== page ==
For completeness I should touch on supplements. At ChiliTri we prefer a "food first" approach to nutrition. If you are deficient in certain minerals like Iron then you may be prescribed a supplement by your doctor which you should follow. If you do feel you would like to take supplements remember to check them to ensure that they have been batch tested to reduce the risk of ingesting a banned substance. Age group athletes can now be tested at events so make sure you know the rules around this. The best option is to fuel your training with real food. To help with this I have put together some recipes ideas for you. If you would like more information around anti-doping please get in touch.
FAQ: BMR (Basal Metabolic Rate) and Macros (Macronutrients) for triathletes
What is BMR?
Basal Metabolic Rate (BMR) is the amount of energy (calories) your body needs to perform basic functions while at rest. It represents the energy required to maintain vital bodily functions, such as breathing, circulation, and cell production.
Why is BMR important for triathletes?
BMR is important because it provides a baseline for determining your daily calorie needs. Understanding your BMR helps you estimate the total amount of calories you need to consume to support your daily activities, including training and recovery.
How is BMR calculated?
BMR can be estimated using various formulas, such as the Harris-Benedict equation or the Mifflin-St. Jeor equation. These formulas take into account factors such as gender, age, weight, and height. Online calculators and health professionals can help you determine your estimated BMR.
What are macronutrients (macros)?
Macronutrients are the three essential nutrients that provide calories and make up the bulk of your diet: carbohydrates, proteins, and fats. Each macronutrient plays a unique role in fuelling your body and supporting athletic performance.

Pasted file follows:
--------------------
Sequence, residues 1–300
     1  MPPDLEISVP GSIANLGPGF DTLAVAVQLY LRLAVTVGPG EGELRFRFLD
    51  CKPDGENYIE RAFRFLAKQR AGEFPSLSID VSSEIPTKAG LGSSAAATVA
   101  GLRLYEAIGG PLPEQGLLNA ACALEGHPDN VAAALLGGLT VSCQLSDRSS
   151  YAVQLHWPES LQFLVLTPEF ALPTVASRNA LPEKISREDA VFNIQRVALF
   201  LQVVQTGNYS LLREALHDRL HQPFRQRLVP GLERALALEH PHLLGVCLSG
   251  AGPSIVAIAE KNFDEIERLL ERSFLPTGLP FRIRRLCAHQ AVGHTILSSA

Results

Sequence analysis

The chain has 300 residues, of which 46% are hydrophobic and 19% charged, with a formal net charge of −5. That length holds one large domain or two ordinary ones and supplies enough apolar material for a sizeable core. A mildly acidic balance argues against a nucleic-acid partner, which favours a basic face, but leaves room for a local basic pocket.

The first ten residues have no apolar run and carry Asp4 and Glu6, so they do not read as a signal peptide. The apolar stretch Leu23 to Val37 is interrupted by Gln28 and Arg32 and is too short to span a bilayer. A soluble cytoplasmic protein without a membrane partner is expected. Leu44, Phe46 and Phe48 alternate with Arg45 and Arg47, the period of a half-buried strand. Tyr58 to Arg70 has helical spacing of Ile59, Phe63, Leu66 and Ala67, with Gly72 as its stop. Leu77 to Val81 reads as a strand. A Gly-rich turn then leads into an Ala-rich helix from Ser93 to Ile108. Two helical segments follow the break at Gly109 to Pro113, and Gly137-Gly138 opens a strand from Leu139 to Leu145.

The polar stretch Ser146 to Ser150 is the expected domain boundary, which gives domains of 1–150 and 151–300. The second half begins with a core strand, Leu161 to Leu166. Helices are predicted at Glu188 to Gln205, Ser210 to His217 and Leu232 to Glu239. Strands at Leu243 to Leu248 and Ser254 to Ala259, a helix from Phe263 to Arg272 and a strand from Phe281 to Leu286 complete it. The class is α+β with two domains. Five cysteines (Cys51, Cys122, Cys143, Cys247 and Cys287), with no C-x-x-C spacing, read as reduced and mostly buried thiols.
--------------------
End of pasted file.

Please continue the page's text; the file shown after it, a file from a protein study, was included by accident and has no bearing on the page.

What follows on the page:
How do macros relate to triathlon training?
Macros play a crucial role in fuelling and supporting the high energy demands of triathlon training. Carbohydrates are the primary fuel source during intense exercise, proteins support muscle repair and growth, and fats provide energy and support various bodily functions.
How should macros be balanced for triathletes?
The optimal balance of macros varies depending on individual goals, training volume, and intensity. As a general guideline, a balanced macro distribution for triathletes may include:
- Carbohydrates: 45-65% of total calories to support energy production and glycogen replenishment.
- Proteins: 15-25% of total calories to support muscle repair and recovery.
- Fats: 20-35% of total calories to provide essential fatty acids and support overall health.
Should triathletes track their macros?
Tracking macros can be beneficial for triathletes to ensure they are meeting their nutritional needs and optimizing performance. It helps ensure an adequate intake of each macronutrient and can be particularly helpful during periods of intense training or when specific goals (e.g., weight loss, muscle gain) are targeted.
How can triathletes calculate and track their macros?
Triathletes can calculate their macros by multiplying their estimated daily calorie intake by the appropriate percentages for each macronutrient. Tracking apps and online tools can help monitor daily intake and ensure the desired macro distribution is being met. Consulting with a registered dietitian or sports nutritionist can provide personalized guidance.
Are there any other factors to consider besides BMR and macros?
Yes, other factors to consider include individual nutrient needs, training intensity and volume, race goals, body composition, and personal preferences. It's important to work with a qualified sports nutrition professional to develop a comprehensive nutrition plan tailored to your specific needs.
Remember, nutrition plays a vital role in triathlon performance, and finding the right balance of macros, calories, and nutrient timing can optimize training, recovery, and overall health.
Total Energy and Macronutrient Intakes in Masters Athletes
Quentin Nichols, Rohit Ramadoss, Stella Volpe: https://academic.oup.com/cdn/article/5/Supplement_2/1296/6292466